Three of our most viewed posts since starting this site in mid-2011 have to do with the intersection of travel (in all its various forms) and sustainability so when we saw this video and the related book reviews we could not help thinking it might resonate with readers who have enjoyed those three posts. One challenge for the modern voyager is an inverse of the same as that to a hospitality-providing organization such as ours going forward: how do we get there and back with the smallest footprint possible? It is not the same question Magellan was asking but some of the “voyage issues” have not changed over the centuries. Click the image above to go to the video, and here for a review of the book in the LA Times:
A trip on a 140-foot sailboat helped inspire Harvard professor Joyce E. Chaplin to write “Round About the Earth: Circumnavigation From Magellan to Orbit” — and that may explain the enthusiasm she brings to the many-stranded narrative. At the very least, it underlies her sympathy for sailors on small boats heading into rough, unknown seas.
This history, the first of its kind, is a lively charge through 500 years of worldwide exploration (and beyond). Chaplin sets to the task by carving that time span into three parts.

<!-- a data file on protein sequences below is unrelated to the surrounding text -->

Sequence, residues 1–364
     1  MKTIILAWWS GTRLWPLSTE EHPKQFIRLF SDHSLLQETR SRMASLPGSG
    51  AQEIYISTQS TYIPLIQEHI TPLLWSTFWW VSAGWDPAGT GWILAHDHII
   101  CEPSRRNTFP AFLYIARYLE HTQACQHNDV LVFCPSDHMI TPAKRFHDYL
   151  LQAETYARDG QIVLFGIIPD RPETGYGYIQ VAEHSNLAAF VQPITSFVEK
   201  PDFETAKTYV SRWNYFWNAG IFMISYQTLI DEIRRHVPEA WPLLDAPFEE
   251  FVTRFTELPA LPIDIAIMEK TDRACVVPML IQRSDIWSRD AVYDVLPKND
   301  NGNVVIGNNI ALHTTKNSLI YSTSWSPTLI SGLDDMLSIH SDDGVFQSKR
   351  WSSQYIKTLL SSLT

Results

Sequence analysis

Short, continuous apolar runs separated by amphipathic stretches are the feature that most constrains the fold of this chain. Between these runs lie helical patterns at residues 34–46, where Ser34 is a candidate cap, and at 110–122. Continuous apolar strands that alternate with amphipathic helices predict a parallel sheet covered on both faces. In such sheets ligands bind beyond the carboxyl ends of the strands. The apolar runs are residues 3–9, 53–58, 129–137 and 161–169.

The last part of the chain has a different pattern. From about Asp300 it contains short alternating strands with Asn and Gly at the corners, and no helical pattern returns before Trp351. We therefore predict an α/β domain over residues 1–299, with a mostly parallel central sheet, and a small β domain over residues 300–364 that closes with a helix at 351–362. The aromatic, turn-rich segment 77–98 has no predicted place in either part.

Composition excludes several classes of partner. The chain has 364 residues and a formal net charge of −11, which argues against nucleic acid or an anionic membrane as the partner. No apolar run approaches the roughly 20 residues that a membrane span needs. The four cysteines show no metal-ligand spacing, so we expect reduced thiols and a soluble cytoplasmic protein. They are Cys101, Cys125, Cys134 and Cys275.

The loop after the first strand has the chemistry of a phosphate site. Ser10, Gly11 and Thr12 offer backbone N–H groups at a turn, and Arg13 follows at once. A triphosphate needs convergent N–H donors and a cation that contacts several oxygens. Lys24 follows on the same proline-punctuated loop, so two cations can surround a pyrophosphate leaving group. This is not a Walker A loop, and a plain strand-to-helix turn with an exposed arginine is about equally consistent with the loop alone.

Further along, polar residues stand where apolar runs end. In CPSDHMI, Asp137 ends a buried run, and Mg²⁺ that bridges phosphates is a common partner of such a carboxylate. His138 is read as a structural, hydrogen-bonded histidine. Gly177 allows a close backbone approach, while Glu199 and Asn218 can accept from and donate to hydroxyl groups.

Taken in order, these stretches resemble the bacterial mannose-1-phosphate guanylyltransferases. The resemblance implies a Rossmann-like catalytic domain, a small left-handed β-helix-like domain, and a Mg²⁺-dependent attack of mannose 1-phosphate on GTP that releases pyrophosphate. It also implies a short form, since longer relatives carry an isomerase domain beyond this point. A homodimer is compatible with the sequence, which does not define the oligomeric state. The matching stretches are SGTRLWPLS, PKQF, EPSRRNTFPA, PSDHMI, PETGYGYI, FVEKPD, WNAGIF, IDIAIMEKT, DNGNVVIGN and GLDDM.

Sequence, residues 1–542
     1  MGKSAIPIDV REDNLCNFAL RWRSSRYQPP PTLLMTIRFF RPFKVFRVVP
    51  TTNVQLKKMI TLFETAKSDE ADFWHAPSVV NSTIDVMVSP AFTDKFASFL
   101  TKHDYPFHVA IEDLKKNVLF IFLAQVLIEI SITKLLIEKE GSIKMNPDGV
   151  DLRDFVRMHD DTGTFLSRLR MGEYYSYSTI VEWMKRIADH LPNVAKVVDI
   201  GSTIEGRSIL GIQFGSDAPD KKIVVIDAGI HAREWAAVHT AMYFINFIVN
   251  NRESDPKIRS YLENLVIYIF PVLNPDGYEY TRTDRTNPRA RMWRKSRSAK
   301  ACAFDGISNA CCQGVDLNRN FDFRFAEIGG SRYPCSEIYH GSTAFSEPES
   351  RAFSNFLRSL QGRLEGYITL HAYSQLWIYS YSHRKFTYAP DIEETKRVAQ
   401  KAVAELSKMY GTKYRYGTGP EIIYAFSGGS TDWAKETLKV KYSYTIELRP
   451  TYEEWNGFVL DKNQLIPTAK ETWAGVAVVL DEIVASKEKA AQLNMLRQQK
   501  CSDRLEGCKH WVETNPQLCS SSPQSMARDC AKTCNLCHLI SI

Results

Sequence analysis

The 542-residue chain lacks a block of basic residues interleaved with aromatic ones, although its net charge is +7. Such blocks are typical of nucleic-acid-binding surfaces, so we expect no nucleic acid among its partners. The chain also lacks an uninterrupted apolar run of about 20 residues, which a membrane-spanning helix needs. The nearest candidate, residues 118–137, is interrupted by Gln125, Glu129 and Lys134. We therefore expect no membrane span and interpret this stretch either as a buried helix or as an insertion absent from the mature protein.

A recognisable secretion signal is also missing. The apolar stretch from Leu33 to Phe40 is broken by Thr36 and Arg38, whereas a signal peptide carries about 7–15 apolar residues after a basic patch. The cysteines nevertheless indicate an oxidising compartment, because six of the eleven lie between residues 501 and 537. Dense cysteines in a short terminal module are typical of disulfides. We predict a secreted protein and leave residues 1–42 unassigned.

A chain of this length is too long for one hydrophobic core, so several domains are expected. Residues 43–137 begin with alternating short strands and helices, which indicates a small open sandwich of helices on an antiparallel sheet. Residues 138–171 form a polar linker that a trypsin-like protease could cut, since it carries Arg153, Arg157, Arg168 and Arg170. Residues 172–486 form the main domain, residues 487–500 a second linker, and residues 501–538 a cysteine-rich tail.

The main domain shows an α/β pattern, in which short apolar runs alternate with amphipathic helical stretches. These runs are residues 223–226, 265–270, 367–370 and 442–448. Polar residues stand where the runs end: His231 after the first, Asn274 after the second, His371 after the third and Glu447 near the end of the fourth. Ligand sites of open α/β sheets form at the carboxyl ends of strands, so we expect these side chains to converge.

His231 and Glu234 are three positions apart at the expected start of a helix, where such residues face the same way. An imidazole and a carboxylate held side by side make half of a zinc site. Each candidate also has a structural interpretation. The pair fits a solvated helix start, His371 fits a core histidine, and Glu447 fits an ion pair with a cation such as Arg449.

Magellan launches the tale. History remembers him as the first to make it around the globe, but it was actually his boat and crew that completed the circuit — Magellan was killed in the Philippines in 1521. For the next 250 years, humans made their tenuous way around the globe. Apart from dangerous weather, rotting ships, and threats from fellow men, they had to contend with the disease and physical hardship of extended trips at sea. More than half who sailed never came back. As Chaplin elegantly puts it: “The planet simply shrugged them off.”
And from The National Review:
What emerges from this strikingly original and wonderfully researched book is not just the daring and the endurance displayed by successive circumnavigators, but also how odd and often unpleasant many of these individuals were, and how mixed were the responses to their exploits. Chaplin uses as her raw material the abundant, vivid, often horrifying narratives that were compiled by some of these men during or after their voyages. (Before 1918, the vast majority of circumnavigators were male.) But this book is much more than a succession of arresting travel narratives. Chaplin’s deeper aim is to attempt a new and significant form of history—to write a geodrama, as she calls it. Historians, she remarks, usually focus on human-to-human interactions over time. The theme of Round About the Earth, by contrast, is the interaction of generations of puny humans with a vast, often inhospitable, and now much endangered planet.